Washington Department of Fish and Wildlife Budget – Our Challenge

Cousin Ron and I, as do most folks who grew up hunting and fishing in Paradise in the 1940s and ‘50s, take frequent trips down Memory Lane. We all see how expensive things are these years, and there is certainly little argument about many of the things we need. But how many costs are actually comparable to – or cheaper than – the late 1950s?

I like to start with context – and gas prices. In the late ‘50s, I made anywhere from 80 cents to a buck an hour for full-time work. A gallon of gas ranged from 19.9 cents (in gas wars) to 29.9 cents day to day. Today, we see gas prices ranging from 10 to 12 times that – still about the same percentage of lower-wage incomes – and most of us make well over 10 or 12 times those 1950s wages.

What about our hunting and fishing licenses? In the late 1950s, a resident hunting and fishing license, with deer and elk seals (tags) cost $13.50. This year, for the same licenses, I paid $126.55 (with dealer fee). Yes, there are other permits and fees we often add, but do the math and you will see that, apples to apples, the out-of-pocket cost for my tags is cheaper now than when I first started hunting and fishing.

So, what’s the total cost of operating our Department of Fish and Wildlife (DFW), today? And that $30+ million hole it is facing over the next biennium? How did it happen, what has been done about it, and how will it be filled? Again, I like looking at context. This is complicated, since until the early 1990s, the State Department of Game and the Department of Fisheries were two different agencies. Those 1950s budget numbers are hard-found. Still, with the help of folks at DFW, the Washington State Library and Oregon (ODFW has an excellent history online, and its budgets follow a similar trajectory to ours), we have a starting point. Understand that the numbers I pass along are approximate, intended to provide a general picture of the challenges facing us. Remember, also, that all the state natural resource agencies, combined, get well under two percent of Washington’s total budget.

In 1955, the Washington Department of Game operated on a budget of just over $3.5 million and the State Fisheries folks were somewhere around $3 million. In 2017, DFW expenditures for managing terrestrial wildlife (lands, habitat, hunting, etc.) were just under $100 million, and on the fisheries/aquatic side (hatcheries, fishing, habitat and species work) added up to about $160 million. Obviously, there is some overlap of fish and wildlife expenditures in both those numbers. (Double these numbers to get the biennial – two-year – budgets.)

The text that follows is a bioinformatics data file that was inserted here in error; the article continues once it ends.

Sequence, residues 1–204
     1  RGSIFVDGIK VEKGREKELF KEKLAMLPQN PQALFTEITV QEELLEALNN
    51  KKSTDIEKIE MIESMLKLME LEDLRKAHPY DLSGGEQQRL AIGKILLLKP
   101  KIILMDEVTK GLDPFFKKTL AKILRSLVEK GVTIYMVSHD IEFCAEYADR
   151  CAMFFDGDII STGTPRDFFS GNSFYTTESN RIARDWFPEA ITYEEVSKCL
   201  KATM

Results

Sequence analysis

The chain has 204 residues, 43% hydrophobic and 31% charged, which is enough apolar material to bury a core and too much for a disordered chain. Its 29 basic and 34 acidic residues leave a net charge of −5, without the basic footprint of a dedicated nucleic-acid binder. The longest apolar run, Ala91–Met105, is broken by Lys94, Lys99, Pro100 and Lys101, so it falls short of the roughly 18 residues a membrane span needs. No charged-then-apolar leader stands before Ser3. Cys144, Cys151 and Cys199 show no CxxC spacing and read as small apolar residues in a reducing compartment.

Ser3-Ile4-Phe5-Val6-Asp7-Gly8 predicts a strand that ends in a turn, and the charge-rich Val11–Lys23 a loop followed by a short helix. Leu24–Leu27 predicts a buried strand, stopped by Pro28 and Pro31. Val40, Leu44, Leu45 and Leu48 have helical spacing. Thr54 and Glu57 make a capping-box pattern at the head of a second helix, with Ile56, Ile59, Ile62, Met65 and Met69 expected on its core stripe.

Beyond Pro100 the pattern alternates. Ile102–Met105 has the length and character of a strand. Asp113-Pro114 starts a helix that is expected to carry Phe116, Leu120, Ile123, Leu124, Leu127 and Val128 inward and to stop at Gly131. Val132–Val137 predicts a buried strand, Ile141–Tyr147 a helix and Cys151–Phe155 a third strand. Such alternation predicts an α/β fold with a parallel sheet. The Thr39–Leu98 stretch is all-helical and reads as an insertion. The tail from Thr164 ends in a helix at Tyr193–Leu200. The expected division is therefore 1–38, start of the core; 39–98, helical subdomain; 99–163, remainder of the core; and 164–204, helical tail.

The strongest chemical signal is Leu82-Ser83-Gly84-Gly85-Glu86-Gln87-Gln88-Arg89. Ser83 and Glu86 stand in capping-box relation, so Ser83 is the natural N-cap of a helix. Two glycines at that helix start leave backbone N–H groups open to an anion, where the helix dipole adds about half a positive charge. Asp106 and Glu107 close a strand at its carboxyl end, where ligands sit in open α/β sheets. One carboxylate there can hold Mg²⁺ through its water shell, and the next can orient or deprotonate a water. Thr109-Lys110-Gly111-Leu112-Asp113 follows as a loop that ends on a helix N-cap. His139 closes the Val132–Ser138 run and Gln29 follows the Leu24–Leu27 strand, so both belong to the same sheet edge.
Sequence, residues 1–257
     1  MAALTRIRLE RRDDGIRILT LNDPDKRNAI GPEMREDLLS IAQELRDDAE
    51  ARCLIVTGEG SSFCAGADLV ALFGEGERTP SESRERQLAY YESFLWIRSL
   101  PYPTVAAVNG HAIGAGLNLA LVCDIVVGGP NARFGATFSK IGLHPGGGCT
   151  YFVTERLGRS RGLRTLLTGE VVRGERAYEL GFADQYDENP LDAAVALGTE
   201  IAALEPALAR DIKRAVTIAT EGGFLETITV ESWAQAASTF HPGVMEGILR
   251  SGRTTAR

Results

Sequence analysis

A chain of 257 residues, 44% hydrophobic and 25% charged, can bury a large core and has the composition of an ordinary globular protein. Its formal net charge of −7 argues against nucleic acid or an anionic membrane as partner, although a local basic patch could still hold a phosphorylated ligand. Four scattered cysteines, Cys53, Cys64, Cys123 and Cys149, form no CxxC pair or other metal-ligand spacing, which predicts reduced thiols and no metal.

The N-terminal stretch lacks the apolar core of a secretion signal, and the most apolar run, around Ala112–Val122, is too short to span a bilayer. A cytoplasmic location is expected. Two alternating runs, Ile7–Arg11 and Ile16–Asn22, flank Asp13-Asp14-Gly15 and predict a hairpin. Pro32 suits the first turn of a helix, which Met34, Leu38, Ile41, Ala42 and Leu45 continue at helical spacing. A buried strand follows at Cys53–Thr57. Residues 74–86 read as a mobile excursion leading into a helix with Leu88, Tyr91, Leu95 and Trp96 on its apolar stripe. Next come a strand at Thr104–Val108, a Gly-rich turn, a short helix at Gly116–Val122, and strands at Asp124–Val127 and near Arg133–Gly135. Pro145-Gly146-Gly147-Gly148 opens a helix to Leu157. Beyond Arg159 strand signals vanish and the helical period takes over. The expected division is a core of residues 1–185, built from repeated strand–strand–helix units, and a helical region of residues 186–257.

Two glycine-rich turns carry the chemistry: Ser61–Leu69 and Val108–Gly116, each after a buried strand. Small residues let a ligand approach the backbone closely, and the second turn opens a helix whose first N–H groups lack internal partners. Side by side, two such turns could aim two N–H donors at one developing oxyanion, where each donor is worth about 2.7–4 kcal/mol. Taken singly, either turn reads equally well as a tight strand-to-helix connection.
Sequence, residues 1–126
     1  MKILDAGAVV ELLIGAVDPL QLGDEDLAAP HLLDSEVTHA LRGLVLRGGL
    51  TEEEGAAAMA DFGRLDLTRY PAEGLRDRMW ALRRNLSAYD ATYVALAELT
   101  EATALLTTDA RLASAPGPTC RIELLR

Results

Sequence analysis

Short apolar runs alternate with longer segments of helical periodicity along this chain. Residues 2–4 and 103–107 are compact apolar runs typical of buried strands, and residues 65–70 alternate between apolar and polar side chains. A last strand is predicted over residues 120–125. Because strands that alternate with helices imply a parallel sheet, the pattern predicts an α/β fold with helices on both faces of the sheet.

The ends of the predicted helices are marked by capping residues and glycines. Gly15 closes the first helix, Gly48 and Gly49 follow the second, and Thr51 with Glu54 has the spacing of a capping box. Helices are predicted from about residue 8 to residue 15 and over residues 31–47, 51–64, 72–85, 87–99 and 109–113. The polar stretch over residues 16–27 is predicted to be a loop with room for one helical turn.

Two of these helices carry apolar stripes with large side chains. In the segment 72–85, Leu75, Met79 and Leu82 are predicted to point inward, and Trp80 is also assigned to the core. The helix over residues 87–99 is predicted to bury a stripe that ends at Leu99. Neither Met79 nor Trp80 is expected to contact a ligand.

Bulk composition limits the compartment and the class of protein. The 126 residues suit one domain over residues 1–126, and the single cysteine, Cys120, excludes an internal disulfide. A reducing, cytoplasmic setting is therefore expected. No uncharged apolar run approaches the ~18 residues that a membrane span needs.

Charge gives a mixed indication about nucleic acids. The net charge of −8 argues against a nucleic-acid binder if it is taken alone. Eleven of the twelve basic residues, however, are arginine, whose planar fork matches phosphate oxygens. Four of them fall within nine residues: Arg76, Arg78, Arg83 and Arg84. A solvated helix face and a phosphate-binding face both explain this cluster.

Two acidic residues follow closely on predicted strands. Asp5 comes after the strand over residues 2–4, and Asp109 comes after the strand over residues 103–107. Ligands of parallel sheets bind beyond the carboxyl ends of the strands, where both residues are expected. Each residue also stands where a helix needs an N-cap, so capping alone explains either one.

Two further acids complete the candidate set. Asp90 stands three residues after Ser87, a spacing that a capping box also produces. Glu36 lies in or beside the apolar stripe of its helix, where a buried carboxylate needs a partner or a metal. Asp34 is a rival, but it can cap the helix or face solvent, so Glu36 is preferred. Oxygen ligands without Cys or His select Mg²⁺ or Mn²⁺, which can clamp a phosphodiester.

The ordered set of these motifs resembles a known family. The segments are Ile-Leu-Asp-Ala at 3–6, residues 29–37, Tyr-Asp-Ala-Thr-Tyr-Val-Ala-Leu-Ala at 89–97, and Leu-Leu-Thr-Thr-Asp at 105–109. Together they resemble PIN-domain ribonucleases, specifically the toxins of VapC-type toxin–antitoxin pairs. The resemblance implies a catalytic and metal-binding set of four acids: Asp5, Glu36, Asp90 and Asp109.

What has driven these budget increases so far beyond my “context’ of 10 to 12 times the costs of the 1950s? Consider only a few of the hundreds of changes in the last six decades. In 1976, the US extended its control over Pacific Ocean fishing out to 500 miles – adding several hundred thousand square miles to Washington’s responsibilities. We have seven and a half million people – well more than twice as many as 1970 – in the smallest western state, with a relatively small amount of public land. We have a great diversity of fish and wildlife in a wide variety of habitats – wet mountains, dry mountains, desert, semiarid and humid lowlands, temperate rainforests, open pine forests, salt water, small to large streams and lakes of all sizes. Add the 24 treaty tribes with rights to fish and wildlife and their management. Each combination of place and species and rules requires one or another level of specialists to manage it.

That looming $30 million budget shortfall? Several factors are involved. DFW is still struggling from cuts imposed during the recession, yet our Legislative approved expenses without funding. License sales and general fund allocations have fallen behind management costs. Several one-time funding band-aids are expiring. The Department has eliminated several positions and curtailed a number of fisheries and other operations. [Note that everyone with whom I discuss this has a deep and genuine concern about agency priorities – ranging from fish hatcheries to the diminishing statewide number of enforcement agents over the past couple decades. These battles will, and must, be fought through the various public wildlife and budget advisory committees. Still, if we can’t keep our agency functioning, those arguments will be moot.]

After a lot of public ourtreach, DFW is asking for more legislative help this year. Without it, $30.5 million of services will have to be cut, beginning next year. DFW is asking the Legislature for the ability to raise license fees (last increase was in 2011), keep the Columbia River Salmon and Steelhead Endorsement fee, and for more money from the General Fund. (The Wildlife Commission has yet to settle on that fee increase request, but look for something between five and twelve percent,) Together, these will keep the agency on track managing our wildlife.

You will much more detail about DFW, its budget, and the future in the “Draft Long-Term Funding Plan” at (or Google “long term funding plan WDFW.”)

This budget challenge belongs to all of us. This is our wildlife on our lands. This is our agency, staffed by folks we have asked to keep wild things and wild places for those who come after us. When the Legislature takes up these budget questions, we need to have our voices heard. And we must continue to help our agency develop its priorities.

Written by Jim Huckabay. Posted in Uncategorized

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